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Exploring the Adjacent Possible

frog recently participated in the annual IIT Institute of Design’s Design Research Conference (DRC) that was held in Chicago. Our challenge was twofold: to facilitate an interactive engagement with the entire conference audience and to provoke thought and reflection on the conference content and theme — the adjacent possible.

Each year a group of students at the Institute of Design works to create a conference that explores emerging themes and practices in design research. This year’s focus on concepts from lateral fields and disciplines was inspired by author Steven Johnson’s description of the adjacent possible. Johnson draws upon this idea, originally from scientist Stuart Kauffman, to argue that good ideas are often generated by the recombination of other existing ideas:

“The adjacent possible is a kind of shadow future, hovering on the edges of the present state of things, a map of all the ways in which the present can reinvent itself.  The strange and beautiful truth about the adjacent possible is that its boundaries grow as you explore them. Each new combination opens up the possibility of other new combinations.”

In the context of the conference, this essentially boils down to a few simple questions: What can designers learn from other fields? Which ideas can help us create better solutions?

These are not new questions. We continually borrow from other fields to inform and strengthen our design process. Historically, and perhaps most notably, we borrow from ethnography and anthropology in design research practice. But as the world evolves, so does design. Advances in science and technology along with design’s increasing involvement in solving complex problems provide good reason for us to continuously evaluate how we work and think.

 

The DRC co-chairs gave us a head start and organized the conference into four blocks: Understanding Data, Story Making, Human Behavior, and The Adjacent Possible. Each of these blocks featured speakers who are experts in the topic areas, as well as design practitioners who are applying ideas from these areas in their own work.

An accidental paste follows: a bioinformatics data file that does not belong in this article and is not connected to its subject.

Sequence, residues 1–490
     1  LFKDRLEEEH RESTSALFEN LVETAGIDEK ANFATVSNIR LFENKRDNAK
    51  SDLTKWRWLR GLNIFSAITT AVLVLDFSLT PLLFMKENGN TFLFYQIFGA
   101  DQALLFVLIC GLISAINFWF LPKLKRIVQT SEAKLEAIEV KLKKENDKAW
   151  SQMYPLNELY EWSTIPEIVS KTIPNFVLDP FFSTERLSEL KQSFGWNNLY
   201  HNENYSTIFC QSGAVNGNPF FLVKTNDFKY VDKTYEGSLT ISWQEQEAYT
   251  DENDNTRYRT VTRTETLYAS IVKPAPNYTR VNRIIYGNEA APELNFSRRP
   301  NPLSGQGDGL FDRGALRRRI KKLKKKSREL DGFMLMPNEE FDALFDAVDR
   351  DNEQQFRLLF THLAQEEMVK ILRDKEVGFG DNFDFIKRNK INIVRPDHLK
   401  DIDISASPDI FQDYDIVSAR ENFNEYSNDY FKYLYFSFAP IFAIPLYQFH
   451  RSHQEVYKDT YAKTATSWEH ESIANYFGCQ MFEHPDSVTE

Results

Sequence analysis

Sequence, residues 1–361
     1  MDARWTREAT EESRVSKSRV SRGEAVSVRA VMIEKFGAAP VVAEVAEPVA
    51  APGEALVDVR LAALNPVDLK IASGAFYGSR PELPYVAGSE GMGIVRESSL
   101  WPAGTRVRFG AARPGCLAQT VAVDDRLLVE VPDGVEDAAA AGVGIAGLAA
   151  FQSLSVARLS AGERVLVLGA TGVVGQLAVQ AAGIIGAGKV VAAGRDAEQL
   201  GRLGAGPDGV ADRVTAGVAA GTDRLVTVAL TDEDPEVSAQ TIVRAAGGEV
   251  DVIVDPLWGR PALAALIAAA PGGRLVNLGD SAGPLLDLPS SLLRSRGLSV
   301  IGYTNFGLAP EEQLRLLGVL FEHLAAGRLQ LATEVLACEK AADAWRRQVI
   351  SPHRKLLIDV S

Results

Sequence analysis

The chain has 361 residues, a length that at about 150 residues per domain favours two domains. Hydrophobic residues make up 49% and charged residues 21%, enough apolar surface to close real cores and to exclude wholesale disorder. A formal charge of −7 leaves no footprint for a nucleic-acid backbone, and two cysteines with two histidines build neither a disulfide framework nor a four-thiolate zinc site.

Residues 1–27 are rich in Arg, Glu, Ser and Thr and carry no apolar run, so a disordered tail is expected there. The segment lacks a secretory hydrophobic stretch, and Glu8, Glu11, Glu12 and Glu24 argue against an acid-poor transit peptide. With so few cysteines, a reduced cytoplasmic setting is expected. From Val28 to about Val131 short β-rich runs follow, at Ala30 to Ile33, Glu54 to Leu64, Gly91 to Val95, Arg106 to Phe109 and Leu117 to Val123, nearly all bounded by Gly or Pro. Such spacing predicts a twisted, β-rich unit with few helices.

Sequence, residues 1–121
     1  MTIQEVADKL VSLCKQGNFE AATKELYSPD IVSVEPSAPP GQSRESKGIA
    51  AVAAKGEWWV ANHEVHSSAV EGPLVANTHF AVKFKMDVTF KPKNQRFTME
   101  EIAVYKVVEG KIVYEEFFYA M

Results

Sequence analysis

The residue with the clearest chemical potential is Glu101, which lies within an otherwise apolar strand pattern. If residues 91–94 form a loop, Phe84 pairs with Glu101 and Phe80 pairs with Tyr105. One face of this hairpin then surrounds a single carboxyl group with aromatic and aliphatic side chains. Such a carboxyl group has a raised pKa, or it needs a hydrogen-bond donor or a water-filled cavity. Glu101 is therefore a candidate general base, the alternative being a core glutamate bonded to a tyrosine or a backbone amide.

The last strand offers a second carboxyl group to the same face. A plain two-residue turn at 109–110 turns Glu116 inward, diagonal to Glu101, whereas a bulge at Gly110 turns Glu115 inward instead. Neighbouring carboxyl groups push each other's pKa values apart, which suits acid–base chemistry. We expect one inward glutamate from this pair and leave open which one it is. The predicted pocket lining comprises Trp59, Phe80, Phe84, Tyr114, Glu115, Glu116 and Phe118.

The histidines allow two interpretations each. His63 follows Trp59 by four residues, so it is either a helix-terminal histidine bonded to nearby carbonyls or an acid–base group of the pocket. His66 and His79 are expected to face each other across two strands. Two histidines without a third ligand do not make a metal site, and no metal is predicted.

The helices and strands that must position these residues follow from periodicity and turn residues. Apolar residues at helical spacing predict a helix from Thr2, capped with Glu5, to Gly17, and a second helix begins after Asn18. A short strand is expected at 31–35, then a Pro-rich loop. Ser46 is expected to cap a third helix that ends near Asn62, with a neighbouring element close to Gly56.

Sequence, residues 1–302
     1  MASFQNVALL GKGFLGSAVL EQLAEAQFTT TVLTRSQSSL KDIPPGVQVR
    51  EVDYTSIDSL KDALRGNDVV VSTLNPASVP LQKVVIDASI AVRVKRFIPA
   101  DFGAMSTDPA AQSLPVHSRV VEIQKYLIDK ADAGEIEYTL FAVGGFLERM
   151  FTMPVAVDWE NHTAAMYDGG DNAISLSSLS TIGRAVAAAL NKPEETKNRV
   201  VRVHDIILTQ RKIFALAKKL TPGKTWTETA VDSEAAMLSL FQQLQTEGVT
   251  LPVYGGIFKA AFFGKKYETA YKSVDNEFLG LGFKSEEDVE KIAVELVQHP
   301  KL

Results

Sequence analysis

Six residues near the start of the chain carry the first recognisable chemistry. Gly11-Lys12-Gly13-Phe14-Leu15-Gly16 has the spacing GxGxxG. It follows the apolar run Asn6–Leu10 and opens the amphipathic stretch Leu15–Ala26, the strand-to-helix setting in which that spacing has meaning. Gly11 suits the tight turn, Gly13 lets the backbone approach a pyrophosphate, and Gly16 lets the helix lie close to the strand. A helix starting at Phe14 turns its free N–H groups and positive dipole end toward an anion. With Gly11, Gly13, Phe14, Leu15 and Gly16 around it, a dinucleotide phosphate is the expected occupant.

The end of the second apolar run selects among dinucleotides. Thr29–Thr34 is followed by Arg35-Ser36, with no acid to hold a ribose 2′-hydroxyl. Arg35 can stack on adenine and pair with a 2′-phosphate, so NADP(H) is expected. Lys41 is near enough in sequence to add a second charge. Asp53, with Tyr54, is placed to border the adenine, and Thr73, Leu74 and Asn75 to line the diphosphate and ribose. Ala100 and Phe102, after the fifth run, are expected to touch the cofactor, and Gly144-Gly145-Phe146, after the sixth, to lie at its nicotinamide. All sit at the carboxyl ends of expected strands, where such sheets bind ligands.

For example, during the Understanding Data block, we heard from Elliott Hedman, a researcher at the MIT Media Lab, who combines psychophysiological measurements (like heart rate and skin conductance) with observational methods to provide another lens to our understanding of emotional experiences. Professor and fellow at Harvard Business School Michael Norton shared anecdotes during Human Behavior related to the psychology of investment. He explained how our own investment of time, money, and labor (actually creating things with our own hands) leads us to value them more.

frog sought to expand on these ideas and created a set of activities that pushed conference goers to both reflect on the conference and think beyond it. At registration each attendee was given a set of cards with questions, such as: “What TOOLS from adjacent experts and disciplines can enhance design research?” and “What SUPERPOWER do you wish you had when conducting research and why?”

At the end of the first day, we gave everyone time to discuss answers to the questions in small groups. Each group was given a SUPER TEAM! worksheet to complete. The goal was to get the groups to define a problem in the world that their design research team would solve and to sketch out their super team with its new sources of knowledge and expertise, new tools, and, of course, amazing superpowers. 

The frog team collected the worksheets and went back to the hotel to pour over the outcomes. It was a quick exercise in analysis and synthesis to pull out emerging themes and some interesting thoughts from the teams. Thankfully we even managed to do a little immersion in Chicago culture by drinking local beer and sharing a deep dish pizza while we looked over the cards and worksheets. Our main goal was to put together a presentation to share back out to the audience the next day.

frog’s session was scheduled near the end of the second day, so we knew we would need to get the audience energized. We started with the theme song from the TV game show “Family Feud” and two teams from the audience running up on stage to participate in our own version of the game show, “froggy feud.” During the first day we had actually surveyed 100 attendees to get answers to questions like: “Name a research tool you never leave home without.” And “Name a location for a candid interview.” The audience and game show participants really seemed to get a kick out of the exercise.

The game show questions and answers reflected perceptions of the current state. We then moved on to how attendees envision design research super teams of the future. Almost every team included the ability to read minds and really understand what people are thinking. Other superpowers included having amazing empathy and listening skills as well as the ability to persuade and influence people. You can view the full presentation here.

Overall, it was an interesting exercise to think about where we are going in the future as design researchers (while encouraging attendees to sketch and have some fun.) As always, we are left with more thoughts and questions to explore than answers. So, let’s continue pushing the boundaries and exploring the adjacent possible. 

Amber Lindholm is a senior interaction designer at frog's Austin studio.